26 December 2007

Catching up on the blogroll and tying threads together

December has been a somewhat broken blogging month.

A couple of weeks ago there was a storm that knocked out our phone lines for a couple of days -- a cable struck by lightning or something. No sooner had that come back than we lost web access -- run out of bandwidth again, halfway through the month! No I don't do YouTube and podcasts, so it must be someone else in the family -- perhaps my son downloading updates to his graphics program, which he's using to draw fleas.

Then it comes back, and then it's off again. Telkom has a thing that lets you buy extra bandwidth now, but it doesn't seem to work. There's a problem, they apparently didn't like my credit card, so I report the problem but there's no feedback. They simply don't reply. Later my wife tries with her credit card, and that works, so we are back on the web, but for how long I don't know.

So I try to catch up with blogs I read -- starting first by checking on visitors to my blogs who have either left comments, or who have left a record of having visited through MyBlogLog. Then I go on to my blogroll, and so eventually discover several others who have been blogging on similar topics to me, so here is some of the catchup, and linking similar threads together. Some of them have been on my other blog, Khanya, which I use for afternoon and evening blogging, since Blogger works only in the morning. If it were afternoon now, I'd be blogging this on Khanya too, but since it's before noon, I'll use Blogger while it's working.

Christian responses to witchcraft and sorcery

This is a topic that has long been of interest to me, and I recently blogged about it on my Khanya blog, noting an apparent difference between Christian responses in Southern and Eastern Africa, and those in Western and Central Africa, notably in Nigeria and the DRC. And this seems to be spreading to the Western world as well, through the African disapora.

In my catchup, first through MyBlogLog and then through my blogroll, I discovered that some of my blogging friends have also been blogging on this topic:
If you're interested in the topic, those are well worth a read.

We've also been discussing it in the AIC mailing list. One things that strikes me about all this is that it seems to point to a significant divergence between Pentecostal and Neopentecostal theology, and between the attitude of Zionist and other "Spirit-type" African independent churches (AICs) on the one hand, and Neopentecostal AICs on the other.

I say "seems to point" because there does not seem to have been enough research on this topic. It's something that needs urgent attention from African and Pentecostal theology researchersbecause people are dying, and so far the reasons are mostly based on guesswork.

For me there are at least three big questions, probably more:
  1. What is the reason for the apparent differences between Eastern and Southern Africa and Western and Central Africa?
  2. What is the difference between Pentecostal/Zionist theology on the one hand, and Neopentecostal theology on the other?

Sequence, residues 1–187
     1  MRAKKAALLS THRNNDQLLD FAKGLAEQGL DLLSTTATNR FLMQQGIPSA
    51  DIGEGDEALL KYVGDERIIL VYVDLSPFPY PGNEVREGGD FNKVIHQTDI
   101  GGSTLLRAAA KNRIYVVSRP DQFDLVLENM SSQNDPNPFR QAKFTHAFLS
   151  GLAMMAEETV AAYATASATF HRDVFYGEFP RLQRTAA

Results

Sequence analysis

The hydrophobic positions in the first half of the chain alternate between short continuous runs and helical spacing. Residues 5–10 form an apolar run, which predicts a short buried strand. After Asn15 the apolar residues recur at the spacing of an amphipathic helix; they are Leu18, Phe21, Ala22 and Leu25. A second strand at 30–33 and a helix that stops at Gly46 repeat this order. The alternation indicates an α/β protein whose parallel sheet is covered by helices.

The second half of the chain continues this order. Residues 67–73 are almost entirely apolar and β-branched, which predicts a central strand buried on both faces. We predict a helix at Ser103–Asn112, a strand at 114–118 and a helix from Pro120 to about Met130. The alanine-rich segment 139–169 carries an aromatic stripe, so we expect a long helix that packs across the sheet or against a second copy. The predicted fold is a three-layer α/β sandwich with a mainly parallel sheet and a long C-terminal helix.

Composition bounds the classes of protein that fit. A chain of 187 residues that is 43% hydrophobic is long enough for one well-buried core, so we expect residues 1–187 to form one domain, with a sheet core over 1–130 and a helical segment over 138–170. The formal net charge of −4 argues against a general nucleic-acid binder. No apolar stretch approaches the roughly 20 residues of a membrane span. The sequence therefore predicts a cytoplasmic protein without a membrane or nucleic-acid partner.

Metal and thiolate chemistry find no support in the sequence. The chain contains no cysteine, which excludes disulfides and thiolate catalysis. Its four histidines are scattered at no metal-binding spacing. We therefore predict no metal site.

3. What is the link between Neopentecostal theology and Neoliberalism? How far have Neopentecostals bought into the Neoliberal ideology, and is Neopentecostalism simply a contextualisation of the gospel in a Neoliberal worldview (thinking of economic liberalism rather than political liberalism here).

The Golden Compass

Before the film The Golden Compass (based on Philip Pullman's novel Northern Lights) was released, there was an SMS campaign by some people in South Africa urging people to boycott the film. I blogged about this at The Golden compass -- to boycott or not to boycott. When the film was released I went to see it, and enjoyed it, but found it rather over-simplified. But once again, I've discovered some of my blogging friends had written far better reviews than I could:
The first is from a neopagan, and the second from a Christian perspective, and both are well worth reading. Lots of people have written reviews of the film, but these are two of the best.

1 comment:

Yvonne said...

Hi Steve, and thanks for the two links to my blog. It's kind of you to say my review of GC was good - I'm not that good at reviews, but I thought the wider implications of the film and book were worth commenting on. I also wrote some posts a year or so ago about Pullman's attitude to Lewis.

I must say I thought your article at Theandros about the Orthodox approach to witchcraft etc was excellent.

One of my criteria in joining a church was that it should never have been implicated in such persecutions. The Orthodox church never officially sanctioned the burning of witches or pogroms of Jews, though the Russian state did carry out some witch-burnings and some Orthodox priests were involved in pogroms. But it appears that the Orthodox church was more sinned against than sinning in this respect, since some inquisitors turned up at Mount Athos and burnt monks there for not confessing the Filioque. But I couldn't cope with the number of doctrines one has to sign up to in order to join (particularly the perpetual virginity of the Theotokos, and renouncing heresy). And I don't like the Orthodox Church's views on homosexuality and women. So I'm joining the Unitarians instead, where I can be openly Pagan and universalist (in both senses of the word).


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